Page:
I had a lot of trouble understanding that last sentence. I doubt if you would understand it without reading what comes next, but let me translate. The idea is that the NYT articles have been cited in court cases dealing with legislation about children seeking transgender treatments.
Last year, Arkansas’ attorney general filed an amicus brief in defense of Alabama’s Vulnerable Child Compassion and Protection Act, which would make it a felony, punishable by up to 10 years’ imprisonment, for any medical provider to administer certain gender-affirming medical care to a minor (including puberty blockers) that diverges from their sex assigned at birth. The brief cited three different New York Times articles to justify its support of the law: Bazelon’s “The Battle Over Gender Therapy,” Azeen Ghorayshi’s “Doctors Debate Whether Trans Teens Need Therapy Before Hormones,” and Ross Douthat’s “How to Make Sense of the New L.G.B.T.Q. Culture War.” As recently as February 8th, 2023, attorney David Begley’s invited testimony to the Nebraska state legislature in support of a similar bill approvingly cited the Times’ reporting and relied on its reputation as the “paper of record” to justify criminalizing gender-affirming care....
As thinkers, we are disappointed to see the New York Times follow the lead of far-right hate groups in presenting gender diversity as a new controversy warranting new, punitive legislation.
I think the NYT is showing leadership and not allowing itself to be led around by the doctrinaire left.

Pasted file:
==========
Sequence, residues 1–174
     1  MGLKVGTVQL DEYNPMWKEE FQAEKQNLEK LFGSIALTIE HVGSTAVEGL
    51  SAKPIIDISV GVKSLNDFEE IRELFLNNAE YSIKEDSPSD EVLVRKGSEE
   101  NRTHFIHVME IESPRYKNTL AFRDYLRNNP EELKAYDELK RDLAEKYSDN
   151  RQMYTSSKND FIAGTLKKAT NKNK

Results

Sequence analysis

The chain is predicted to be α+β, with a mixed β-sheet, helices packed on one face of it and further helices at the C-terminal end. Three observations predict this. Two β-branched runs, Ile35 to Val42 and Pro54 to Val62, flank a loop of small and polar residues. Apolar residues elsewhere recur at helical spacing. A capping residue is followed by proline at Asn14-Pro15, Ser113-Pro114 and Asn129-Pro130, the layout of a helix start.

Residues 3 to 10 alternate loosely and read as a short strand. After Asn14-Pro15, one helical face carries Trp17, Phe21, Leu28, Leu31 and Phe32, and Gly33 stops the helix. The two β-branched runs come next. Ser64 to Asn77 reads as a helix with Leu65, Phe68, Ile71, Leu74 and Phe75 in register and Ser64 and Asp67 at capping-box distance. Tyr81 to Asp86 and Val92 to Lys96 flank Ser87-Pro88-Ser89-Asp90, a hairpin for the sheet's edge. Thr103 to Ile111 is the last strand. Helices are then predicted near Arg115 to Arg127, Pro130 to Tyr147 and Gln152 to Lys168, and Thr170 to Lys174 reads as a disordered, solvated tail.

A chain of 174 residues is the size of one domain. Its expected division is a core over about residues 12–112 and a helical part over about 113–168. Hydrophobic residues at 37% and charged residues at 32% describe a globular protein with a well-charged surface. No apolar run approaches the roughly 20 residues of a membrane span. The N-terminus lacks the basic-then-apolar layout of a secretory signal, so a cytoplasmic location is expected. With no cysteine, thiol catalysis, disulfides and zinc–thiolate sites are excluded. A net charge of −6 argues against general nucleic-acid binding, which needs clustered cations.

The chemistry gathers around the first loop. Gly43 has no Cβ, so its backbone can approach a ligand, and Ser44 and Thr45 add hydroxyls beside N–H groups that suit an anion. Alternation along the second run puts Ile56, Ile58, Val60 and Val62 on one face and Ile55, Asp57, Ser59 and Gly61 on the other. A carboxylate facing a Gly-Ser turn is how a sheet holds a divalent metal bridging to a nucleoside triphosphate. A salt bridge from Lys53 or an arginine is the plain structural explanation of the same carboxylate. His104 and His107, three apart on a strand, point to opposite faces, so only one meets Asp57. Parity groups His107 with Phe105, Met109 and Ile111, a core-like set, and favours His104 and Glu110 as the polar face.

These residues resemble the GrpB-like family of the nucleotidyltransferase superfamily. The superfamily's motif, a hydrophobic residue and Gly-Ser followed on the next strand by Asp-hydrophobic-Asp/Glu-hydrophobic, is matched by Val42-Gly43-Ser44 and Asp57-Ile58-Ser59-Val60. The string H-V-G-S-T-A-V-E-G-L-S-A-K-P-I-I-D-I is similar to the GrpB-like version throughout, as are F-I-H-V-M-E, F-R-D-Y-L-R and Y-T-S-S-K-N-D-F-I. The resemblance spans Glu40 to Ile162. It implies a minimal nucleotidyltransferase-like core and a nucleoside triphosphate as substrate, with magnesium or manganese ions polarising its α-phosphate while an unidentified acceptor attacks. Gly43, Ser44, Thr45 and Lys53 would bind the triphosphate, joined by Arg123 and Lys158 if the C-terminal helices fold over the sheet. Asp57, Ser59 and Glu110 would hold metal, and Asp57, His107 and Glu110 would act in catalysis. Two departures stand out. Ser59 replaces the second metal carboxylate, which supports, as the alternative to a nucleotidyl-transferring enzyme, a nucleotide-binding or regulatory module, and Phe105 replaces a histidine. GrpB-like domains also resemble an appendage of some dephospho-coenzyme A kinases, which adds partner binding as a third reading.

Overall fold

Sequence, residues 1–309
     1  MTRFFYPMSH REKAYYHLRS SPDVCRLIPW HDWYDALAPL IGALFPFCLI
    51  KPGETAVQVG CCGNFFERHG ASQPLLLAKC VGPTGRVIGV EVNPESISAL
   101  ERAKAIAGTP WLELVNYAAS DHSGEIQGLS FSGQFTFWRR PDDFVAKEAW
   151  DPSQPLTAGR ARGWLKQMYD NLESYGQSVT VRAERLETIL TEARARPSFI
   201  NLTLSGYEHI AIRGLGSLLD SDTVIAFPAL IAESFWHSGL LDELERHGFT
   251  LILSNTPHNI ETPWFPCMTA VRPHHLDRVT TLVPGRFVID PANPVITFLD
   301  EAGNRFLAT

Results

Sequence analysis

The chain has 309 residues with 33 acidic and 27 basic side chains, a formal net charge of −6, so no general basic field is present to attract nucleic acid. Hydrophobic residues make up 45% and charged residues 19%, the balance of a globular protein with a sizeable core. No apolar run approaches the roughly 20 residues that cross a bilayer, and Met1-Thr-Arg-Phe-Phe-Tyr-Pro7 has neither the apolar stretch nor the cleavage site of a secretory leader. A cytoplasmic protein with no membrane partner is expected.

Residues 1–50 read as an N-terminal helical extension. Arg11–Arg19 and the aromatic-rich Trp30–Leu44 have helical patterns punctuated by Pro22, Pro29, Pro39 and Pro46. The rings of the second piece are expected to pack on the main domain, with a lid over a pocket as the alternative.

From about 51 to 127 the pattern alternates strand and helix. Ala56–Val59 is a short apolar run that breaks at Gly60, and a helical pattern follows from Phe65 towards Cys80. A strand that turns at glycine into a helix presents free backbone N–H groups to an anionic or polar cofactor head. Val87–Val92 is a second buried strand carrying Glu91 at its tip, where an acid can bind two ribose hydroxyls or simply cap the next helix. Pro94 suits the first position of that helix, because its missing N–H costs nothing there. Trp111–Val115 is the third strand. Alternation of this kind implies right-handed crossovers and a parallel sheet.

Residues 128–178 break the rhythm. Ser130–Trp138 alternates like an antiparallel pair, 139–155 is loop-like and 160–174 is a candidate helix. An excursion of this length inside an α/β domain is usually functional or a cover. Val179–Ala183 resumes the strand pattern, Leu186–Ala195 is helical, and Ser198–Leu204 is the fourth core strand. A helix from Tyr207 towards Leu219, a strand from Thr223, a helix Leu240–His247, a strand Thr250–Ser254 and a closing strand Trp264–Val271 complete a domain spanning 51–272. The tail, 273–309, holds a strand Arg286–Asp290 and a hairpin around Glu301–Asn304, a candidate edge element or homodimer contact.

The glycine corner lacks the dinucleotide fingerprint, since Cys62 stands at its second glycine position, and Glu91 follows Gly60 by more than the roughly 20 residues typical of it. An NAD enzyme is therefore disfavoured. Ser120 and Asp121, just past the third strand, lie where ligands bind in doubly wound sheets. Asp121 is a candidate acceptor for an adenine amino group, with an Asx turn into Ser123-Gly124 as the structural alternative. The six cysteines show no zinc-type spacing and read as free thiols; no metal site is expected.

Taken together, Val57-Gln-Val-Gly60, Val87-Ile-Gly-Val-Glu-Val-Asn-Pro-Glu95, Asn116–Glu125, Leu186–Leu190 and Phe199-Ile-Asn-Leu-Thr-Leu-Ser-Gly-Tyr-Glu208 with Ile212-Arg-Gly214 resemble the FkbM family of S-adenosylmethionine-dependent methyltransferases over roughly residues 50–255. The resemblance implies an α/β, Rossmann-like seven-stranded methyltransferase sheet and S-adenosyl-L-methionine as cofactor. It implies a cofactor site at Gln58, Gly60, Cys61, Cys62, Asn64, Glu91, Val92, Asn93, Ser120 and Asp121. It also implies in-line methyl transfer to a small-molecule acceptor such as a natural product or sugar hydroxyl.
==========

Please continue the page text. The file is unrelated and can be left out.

Puberty blockers, hormone replacement therapy, and gender-affirming surgeries have been standard forms of care for cis and trans people alike for decades....
Please cite the science. Is there some idea that medical treatments, once they've gone on for a while, must be correct and above question? Obviously not.
In that view, read this: "What the world can learn from a lobotomy surgeon’s horrible mistake." That's in the Washington Post, published yesterday, written by Megan McArdle.
Back to the open letter:
You no doubt recall a time in more recent history when it was ordinary to speak of homosexuality as a disease at the American family dinner table—a norm fostered in part by the New York Times’ track record of demonizing queers through the ostensible reporting of science.
In 1963, the New York Times published a front-page story with the title “Growth of Overt Homosexuality in City Provokes Wide Concern,” which stated that homosexuals saw their own sexuality as “an inborn, incurable disease”—one that scientists, the Times announced, now thought could be “cured.”
And, now, we're in a time when doctors are providing treatments for transgender persons. What is the lesson here?
The word “gay” started making its way into the paper. Then, in 1975, the Times published an article by Clifford Jahr about a queer cruise (the kind on a boat) featuring a “sadomasochistic fashion show.” On the urging of his shocked mother, Times publisher Arthur Ochs Sulzberger sent down the order: Stop covering these people. The Times style guide was updated to include the following dictum, which stood until 1987: “Do not use gay as a synonym for homosexual unless it appears in the formal, capitalized name of an organization or in quoted matter.”